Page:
TheDome

ANCIENT GREECE RELOADED

ENTER THE WORLD OF MYTHS AND LEGENDS




Kratos

the personification of strength and power


Kratos

Kratos is an interesting figure in Greek mythology. It is largely agreed that he is a god of strength and power, but there are conflicting stories about almost everything else about him. There are two competing versions of his parentage, each of which changes his relation to the other gods.


The Son of Titans

In many myths, Kratos is referred to as the son of the TITANS Pallas and Styx. This would make Kratos a relative of the OLYMPIAN GODS, but not one of their direct number. He is often referred to as the brother of several other figures that represent strength and battle – NIKE, the goddess of victory, Bia, the goddess of force and violence, and Zelus, the god of zeal.

In this form, Kratos is seen as a companion of Zeus and the guardian of his throne. He is usually one of Zeus’ primary enforcers and is an extension of his will.


The Son of Zeus

In a few other myths, Kratos is seen as one of ZEUS‘ many children. Rather than being one of Zeus’ peers, he is a demigod, the son of Zeus and an unnamed mortal woman. This form of his history is relatively uncommon, but it does crop up enough to be important.


Kratos and Prometheus

Regardless of Kratos’ origin, the (demi)god doesn’t show up in many of the Greek myths. Because he is not one of the gods with a major domain, he is usually seen as a servant of another god and called upon in conjunction with one of his siblings. In fact, Kratos’ best known appearance in myth also involves his sister Bia.

After PROMETHEUS steals fire from the gods, he is sentenced to be bound to a rock and tortured for all of eternity. Bia and Kratos use chains that are forged by the smith god HEPHAESTUS to chain the captive Titan, acting as agents of Zeus’ vengeance. While this is his only role in the story, it is perhaps his most important appearance in Greek myth.





An excerpt from 'Prometheus Bound' is provided below:

[Enter Kratos (Power) and Bia (Force), bringing with them Prometheus captive, and Hephaistos.]

Kratos : To earth's remotest limit we come, to the Skythian land, an untrodden solitude. And now, Hephaistos, yours is the charge to observe the mandates laid upon you by the Father [Zeus]--to clamp this miscreant [the Titan Prometheus] upon the high craggy rocks in shackles of binding adamant that cannot be broken. For your own flower, flashing fire, source of all arts, he has purloined and bestowed upon mortal creatures. Such is his offence; for this he is bound to make requital to the gods, so that he may learn to bear with the sovereignty of Zeus and cease his man-loving ways.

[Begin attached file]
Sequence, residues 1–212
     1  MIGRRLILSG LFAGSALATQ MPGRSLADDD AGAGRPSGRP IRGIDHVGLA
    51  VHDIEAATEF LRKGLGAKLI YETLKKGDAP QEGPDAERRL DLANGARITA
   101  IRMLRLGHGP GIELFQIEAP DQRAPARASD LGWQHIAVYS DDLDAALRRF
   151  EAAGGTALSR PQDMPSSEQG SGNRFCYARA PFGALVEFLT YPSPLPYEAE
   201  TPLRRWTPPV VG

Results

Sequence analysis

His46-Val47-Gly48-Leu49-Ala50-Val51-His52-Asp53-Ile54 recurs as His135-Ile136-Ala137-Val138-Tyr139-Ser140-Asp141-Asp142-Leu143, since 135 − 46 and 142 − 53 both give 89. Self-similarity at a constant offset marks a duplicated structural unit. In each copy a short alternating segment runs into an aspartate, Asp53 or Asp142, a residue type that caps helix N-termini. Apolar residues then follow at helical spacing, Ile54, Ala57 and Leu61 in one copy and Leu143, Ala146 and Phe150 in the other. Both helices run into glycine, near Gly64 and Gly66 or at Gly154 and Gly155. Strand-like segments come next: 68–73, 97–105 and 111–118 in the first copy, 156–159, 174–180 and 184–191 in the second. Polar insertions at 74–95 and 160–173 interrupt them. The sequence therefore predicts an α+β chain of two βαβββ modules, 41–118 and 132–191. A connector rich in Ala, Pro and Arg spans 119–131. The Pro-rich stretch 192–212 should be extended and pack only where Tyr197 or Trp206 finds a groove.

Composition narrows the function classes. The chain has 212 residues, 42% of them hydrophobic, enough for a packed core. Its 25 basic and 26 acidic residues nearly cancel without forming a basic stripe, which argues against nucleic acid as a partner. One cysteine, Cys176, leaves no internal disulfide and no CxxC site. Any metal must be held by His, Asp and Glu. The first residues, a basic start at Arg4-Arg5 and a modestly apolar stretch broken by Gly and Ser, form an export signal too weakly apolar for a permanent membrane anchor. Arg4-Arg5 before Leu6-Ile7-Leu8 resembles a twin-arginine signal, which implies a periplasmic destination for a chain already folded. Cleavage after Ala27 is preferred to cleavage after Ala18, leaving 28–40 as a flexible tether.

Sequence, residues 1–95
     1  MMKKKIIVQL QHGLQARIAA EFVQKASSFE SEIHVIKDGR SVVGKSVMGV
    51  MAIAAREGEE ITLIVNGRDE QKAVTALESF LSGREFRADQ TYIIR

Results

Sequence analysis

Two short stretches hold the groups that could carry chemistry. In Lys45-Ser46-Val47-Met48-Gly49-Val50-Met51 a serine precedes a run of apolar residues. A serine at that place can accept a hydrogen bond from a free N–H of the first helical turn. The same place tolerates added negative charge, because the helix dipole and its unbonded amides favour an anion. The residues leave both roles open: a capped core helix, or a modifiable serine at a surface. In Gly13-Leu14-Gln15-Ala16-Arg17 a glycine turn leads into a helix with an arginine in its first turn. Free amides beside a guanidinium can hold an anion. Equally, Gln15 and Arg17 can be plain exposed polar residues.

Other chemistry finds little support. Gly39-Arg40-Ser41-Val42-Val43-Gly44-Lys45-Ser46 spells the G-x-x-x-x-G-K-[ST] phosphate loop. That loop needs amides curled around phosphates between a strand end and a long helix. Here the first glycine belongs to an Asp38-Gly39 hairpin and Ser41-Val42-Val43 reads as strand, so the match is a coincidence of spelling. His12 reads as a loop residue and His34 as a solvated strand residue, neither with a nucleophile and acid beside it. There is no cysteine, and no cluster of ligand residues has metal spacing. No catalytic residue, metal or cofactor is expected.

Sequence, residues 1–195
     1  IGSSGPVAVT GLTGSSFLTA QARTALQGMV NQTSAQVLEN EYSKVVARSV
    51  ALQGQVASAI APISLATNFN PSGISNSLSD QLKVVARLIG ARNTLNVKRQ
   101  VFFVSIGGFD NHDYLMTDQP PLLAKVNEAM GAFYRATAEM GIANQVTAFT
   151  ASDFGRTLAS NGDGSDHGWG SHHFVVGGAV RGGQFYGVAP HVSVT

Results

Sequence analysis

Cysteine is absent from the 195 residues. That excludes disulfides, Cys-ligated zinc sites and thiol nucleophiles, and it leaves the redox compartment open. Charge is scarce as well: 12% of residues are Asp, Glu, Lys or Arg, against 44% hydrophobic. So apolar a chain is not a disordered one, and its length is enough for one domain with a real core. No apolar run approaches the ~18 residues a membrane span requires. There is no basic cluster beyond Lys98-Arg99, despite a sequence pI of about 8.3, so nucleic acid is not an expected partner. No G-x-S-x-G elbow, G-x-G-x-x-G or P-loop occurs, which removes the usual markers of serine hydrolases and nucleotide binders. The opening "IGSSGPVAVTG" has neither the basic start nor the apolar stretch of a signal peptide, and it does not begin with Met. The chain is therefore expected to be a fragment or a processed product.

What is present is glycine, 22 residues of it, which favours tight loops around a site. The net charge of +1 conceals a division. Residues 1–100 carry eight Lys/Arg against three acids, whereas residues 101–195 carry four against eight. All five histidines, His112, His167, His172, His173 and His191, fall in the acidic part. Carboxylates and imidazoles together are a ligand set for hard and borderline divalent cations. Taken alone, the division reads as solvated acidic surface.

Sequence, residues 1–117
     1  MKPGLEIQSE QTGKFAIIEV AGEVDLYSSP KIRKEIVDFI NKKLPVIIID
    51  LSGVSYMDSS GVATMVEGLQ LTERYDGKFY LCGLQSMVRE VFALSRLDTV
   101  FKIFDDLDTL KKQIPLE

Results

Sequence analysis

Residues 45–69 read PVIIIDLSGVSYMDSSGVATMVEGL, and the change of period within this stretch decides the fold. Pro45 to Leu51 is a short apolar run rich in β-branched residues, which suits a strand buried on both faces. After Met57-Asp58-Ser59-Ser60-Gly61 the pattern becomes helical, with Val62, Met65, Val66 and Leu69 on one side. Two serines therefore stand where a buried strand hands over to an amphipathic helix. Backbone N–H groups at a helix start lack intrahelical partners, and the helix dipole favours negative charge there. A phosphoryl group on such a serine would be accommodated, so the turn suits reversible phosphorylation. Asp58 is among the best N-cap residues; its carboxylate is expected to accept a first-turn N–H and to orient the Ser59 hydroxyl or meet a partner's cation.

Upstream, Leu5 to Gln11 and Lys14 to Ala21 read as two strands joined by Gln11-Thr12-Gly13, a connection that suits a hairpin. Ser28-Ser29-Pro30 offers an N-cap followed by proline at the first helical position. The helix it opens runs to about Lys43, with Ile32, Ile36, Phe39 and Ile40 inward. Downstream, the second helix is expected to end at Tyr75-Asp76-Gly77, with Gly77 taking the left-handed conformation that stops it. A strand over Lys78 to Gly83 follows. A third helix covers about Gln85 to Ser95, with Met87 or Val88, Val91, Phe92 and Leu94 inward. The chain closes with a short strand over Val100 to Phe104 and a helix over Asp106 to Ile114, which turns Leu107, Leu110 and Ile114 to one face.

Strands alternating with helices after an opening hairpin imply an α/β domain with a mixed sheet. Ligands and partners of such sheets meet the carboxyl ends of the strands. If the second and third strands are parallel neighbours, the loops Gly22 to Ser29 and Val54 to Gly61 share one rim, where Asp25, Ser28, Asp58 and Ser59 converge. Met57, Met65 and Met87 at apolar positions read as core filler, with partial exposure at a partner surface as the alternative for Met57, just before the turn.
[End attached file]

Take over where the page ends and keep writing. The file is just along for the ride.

Hephaistos : Kratos (Power) and Bia (Force), for you indeed the behest of Zeus is now fulfilled, and nothing remains to stop you. But for me--I do not have the nerve myself to bind with force a kindred god upon this rocky cleft assailed by cruel winter. Yet, come what may, I am constrained to summon courage to this deed; for it is perilous to disregard the commandments of the Father . . .

Kratos : Well, why delay and excite pity in vain? Why do you not detest a god most hateful to the gods, since he has betrayed your prerogative to mortals?

Hephaistos : A strangely potent tie is kinship, and companionship as well.

Kratos : I agree; yet to refuse to obey the commands of the Father; is this possible? Do you not fear that more?

Hephaistos : Yes, you are ever pitiless and steeped in insolence.

Kratos : Yes, for it does not good to bemoan this fellow. Stop wasting your labor at an unprofitable task.

Hephaistos : Oh handicraft that I hate so much!

Kratos : Why hate it? Since in truth your craft is in no way to blame for these present troubles.

Hephaistos : Nevertheless, i wish it had fallen to another's lot!

Kratos : Every job is troublesome except to be the commander of gods; no one is free except Zeus.

Hephaistos : I know it by this task; I cannot deny it.

Kratos : Hurry then to cast the fetters about him, so that the Father does not see you loitering.

Hephaistos : Well, there then! The bands are ready, as you may see.